Toggle My BrainyQuote
Quote of the Day
I listened to King Oliver and I listened to Louis Armstrong, Jelly Roll Morton, Thelonious Monk, Charles Mingus, John Coltrane, Archie Shepp... I listened to everything I could that came from that place that they call the blues but, in formality, isn't necessarily the blues.
Find a beautiful piece of art. If you fall in love with Van Gogh or Matisse or John Oliver Killens, or if you fall love with the music of Coltrane, the music of Aretha Franklin, or the music of Chopin - find some beautiful art and admire it, and realize that that was created by human beings just like you, no more human, no less.
I grew up in the sixties watching B.B. King and Tito Puente and Miles Davis and Coltrane, everybody, Marvin Gaye, Jimi. And at the same time, with my left eye I was watching Dolores Huerta, Cesar Chavez, Martin Luther King, Malcolm X, Mother Teresa.
When I have to compete with John Coltrane and Miles Davis and Louie Armstrong on iTunes, which I'm doing now, that's a problem. That means that jazz is not being heard by younger audiences.
If you try to have a fashion show with Bach fugues and John Coltrane, it doesn't really work.
Coltrane was moving out of jazz into something else. And certainly Miles Davis was doing the same thing.
My father was a jazz tenor sax player. He played in a lot of big bands. So I had that sound around me all the time. The first record that really caught my ear was Clifford Brown's 'Brownie Eyes.' I grew up listening to John Coltrane and Illinois Jacquet. This is where I come from... I love improvisational music.
I skipped school one day to see Dizzy Gillespie, and that's where I met Coltrane. Coltrane and Jimmy Heath just joined the band, and I brought my trumpet, and he was sitting at the piano downstairs waiting to join Dizzy's band. He had his saxophone across his lap, and he looked at me and he said, 'You want to play?'
In America, for a brief time, people who followed Coltrane were studied and considered important, but it didn't last long. The result is that the kind of music I played in the '60's is completely dismissed in this country as a wrong turn, a suicidal effort.
I wanted to make somebody feel like Coltrane made me feel, listening to it.
Jazz is very important. It's not something I can put my finger on. When I'm writing at my favorite time, I like to have the gentle side of Coltrane or Brubeck on the CD player. It creates sort of a spiritual space in which I write best.
Grover Washington was my main influence, and when I went to college, I started listening to more of the jazz masters like Sonny Rollins, Cannonball Adderley, and John Coltrane.
I think John Coltrane is one of the great American heroes, like Abraham Lincoln and Emily Dickinson.
Simon Van Booy
I grew up listening to John Coltrane and jazz, so they were subtle influences. I sometimes think about doing some kind of weird jazz record, but I don't know... It's on my list of things to do. I don't want to have to then go promote it.
Lately, I've been listening to some jazz albums. I love the new Pat Metheny album. John Coltrane. I still like good metal, though!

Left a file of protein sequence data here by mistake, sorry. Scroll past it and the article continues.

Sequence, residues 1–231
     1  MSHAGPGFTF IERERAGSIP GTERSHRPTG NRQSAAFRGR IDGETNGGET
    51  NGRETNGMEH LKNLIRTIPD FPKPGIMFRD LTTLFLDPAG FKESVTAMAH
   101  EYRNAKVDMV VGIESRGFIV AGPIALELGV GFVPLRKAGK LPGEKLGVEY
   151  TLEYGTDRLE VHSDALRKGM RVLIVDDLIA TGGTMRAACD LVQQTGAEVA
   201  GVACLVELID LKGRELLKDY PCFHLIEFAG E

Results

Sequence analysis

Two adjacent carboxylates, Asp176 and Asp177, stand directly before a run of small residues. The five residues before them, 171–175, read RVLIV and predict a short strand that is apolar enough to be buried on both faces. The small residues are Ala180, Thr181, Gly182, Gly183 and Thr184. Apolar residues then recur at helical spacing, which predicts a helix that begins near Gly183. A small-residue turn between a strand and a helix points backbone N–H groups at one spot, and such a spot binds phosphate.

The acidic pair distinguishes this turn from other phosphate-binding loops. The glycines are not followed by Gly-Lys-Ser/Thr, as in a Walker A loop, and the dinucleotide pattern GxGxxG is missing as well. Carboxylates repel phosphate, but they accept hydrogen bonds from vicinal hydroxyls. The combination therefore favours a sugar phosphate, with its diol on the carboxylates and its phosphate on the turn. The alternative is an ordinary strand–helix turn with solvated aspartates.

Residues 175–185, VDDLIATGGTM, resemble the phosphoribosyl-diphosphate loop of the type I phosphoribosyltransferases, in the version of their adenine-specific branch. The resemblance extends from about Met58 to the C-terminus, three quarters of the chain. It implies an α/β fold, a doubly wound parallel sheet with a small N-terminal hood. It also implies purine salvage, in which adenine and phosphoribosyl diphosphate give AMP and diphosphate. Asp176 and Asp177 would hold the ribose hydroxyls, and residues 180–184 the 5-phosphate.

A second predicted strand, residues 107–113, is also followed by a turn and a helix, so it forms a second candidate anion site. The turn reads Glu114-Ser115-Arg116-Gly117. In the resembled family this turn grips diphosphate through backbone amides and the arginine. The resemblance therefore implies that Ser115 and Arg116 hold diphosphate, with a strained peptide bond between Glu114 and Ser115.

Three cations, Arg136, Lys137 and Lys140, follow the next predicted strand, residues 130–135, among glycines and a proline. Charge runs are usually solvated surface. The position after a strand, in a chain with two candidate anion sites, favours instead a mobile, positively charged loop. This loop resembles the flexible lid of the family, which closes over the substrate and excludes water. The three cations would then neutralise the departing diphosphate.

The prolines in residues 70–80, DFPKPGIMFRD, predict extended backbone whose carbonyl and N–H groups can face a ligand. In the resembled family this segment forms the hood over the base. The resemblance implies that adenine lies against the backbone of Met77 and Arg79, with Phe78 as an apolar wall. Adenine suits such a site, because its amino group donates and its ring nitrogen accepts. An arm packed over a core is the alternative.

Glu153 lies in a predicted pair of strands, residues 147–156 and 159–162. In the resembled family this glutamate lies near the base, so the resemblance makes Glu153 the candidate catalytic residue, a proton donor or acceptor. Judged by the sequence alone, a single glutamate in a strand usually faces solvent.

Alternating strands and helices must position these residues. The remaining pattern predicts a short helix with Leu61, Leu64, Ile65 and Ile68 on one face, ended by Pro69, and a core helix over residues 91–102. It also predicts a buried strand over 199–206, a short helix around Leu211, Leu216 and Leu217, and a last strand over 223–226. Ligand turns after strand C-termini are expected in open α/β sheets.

Coltrane would do what you'd get a Roland Pro Tools module to do but with a group of jazz musicians.
Coltrane came to New Orleans one day and he was talking about the jazz scene. And Coltrane mentions that the problem with jazz was that there were too few groups.
When you're playing the part of a saxophone or a trumpet player, both of which I have done, it would be nice to be able to play like John Coltrane, but you can't. Your job is to do something else. And I'm not sure what it is, but I don't think I'd be acting Niels Bohr any better if I went and studied physics for five years.
When I was 12, I began listening to John Coltrane and I developed a love for jazz, which I still have more and more each year.
Well, Grover Washington was my main influence and when I went to college, I started listening to more of the jazz masters like Sonny Rollins, Cannonball Adderley, and John Coltrane.
I hear many extra-musical things somehow in Coltrane.
Out of Coltrane's whole history, there are things which I think are great from all the periods.
A respectable-sized audience hasn't really been able to follow developments in jazz since the free jazz movement in the '60s. Some of them can't even get with John Coltrane. Audiences are diminishing more and more rapidly. Some of the top young musicians with something new to say can't get record companies to put out their stuff.
I love nineties stuff like Alice in Chains and Nine Inch Nails. It'd be my dream to have a Radiohead-themed episode of 'Glee.' I also love jazz greats like Coltrane, Miles Davis, and Herbie Hancock.
When somebody turned me on to a Coltrane record around seventh grade, I took up saxophone.
Motion Picture Soundtrack on Kid A was another Coltrane inspiration.
A. P. J. Abdul Kalam
Leonardo da Vinci
Image of the Moment
I not only use all the brains that I have, but all that I can borrow.
Get Social with BrainyQuote
Follow BrainyQuote on Facebook, Twitter and Google+ to share inspiring quotes with friends.
Join us on
Follow us on
Follow us on
Quote of the Day
BQ on Facebook
BQ on Twitter
BQ on Pinterest
BQ on Google+
BQ on Instagram
Quote Of The Day Feeds
Quote of the Day Email
© 2001 - 2015 BrainyQuote
I have di